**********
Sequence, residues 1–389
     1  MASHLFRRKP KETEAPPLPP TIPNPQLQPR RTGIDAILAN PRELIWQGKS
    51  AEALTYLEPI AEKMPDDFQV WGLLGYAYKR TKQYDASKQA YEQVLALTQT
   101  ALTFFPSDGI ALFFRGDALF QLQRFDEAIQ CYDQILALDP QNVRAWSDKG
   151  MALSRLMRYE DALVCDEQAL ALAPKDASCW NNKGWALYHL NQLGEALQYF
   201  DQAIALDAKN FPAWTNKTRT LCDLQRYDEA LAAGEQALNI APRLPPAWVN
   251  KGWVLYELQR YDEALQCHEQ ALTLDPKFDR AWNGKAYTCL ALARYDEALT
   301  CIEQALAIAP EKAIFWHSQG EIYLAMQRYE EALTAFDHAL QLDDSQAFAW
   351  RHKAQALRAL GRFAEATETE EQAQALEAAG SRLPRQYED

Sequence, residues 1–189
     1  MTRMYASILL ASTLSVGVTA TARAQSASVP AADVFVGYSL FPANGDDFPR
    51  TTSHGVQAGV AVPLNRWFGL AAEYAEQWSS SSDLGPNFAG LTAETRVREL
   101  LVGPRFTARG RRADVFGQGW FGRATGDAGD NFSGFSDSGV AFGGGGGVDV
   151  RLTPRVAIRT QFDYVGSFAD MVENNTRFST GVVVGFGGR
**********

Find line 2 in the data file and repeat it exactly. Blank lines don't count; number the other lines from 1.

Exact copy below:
     1  MASHLFRRKP KETEAPPLPP TIPNPQLQPR RTGIDAILAN PRELIWQGKS